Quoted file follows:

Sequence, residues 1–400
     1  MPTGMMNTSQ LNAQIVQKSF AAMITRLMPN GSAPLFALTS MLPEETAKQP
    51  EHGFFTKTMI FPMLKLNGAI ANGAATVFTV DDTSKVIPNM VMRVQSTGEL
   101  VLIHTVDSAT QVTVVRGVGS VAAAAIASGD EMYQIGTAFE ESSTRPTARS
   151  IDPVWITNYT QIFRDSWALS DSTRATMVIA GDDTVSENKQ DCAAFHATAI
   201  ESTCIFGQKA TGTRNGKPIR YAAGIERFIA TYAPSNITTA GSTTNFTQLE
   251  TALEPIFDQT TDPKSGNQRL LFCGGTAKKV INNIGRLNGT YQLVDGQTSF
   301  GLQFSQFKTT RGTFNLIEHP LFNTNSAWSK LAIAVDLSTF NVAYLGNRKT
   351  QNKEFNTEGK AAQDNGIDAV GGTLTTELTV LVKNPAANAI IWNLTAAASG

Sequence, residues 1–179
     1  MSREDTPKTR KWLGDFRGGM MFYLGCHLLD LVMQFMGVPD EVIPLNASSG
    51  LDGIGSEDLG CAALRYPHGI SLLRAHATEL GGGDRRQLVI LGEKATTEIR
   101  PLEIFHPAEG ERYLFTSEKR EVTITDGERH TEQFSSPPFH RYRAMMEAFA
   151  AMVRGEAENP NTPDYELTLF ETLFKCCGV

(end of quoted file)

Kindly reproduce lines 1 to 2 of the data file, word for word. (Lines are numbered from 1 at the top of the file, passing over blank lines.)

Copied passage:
Sequence, residues 1–400
     1  MPTGMMNTSQ LNAQIVQKSF AAMITRLMPN GSAPLFALTS MLPEETAKQP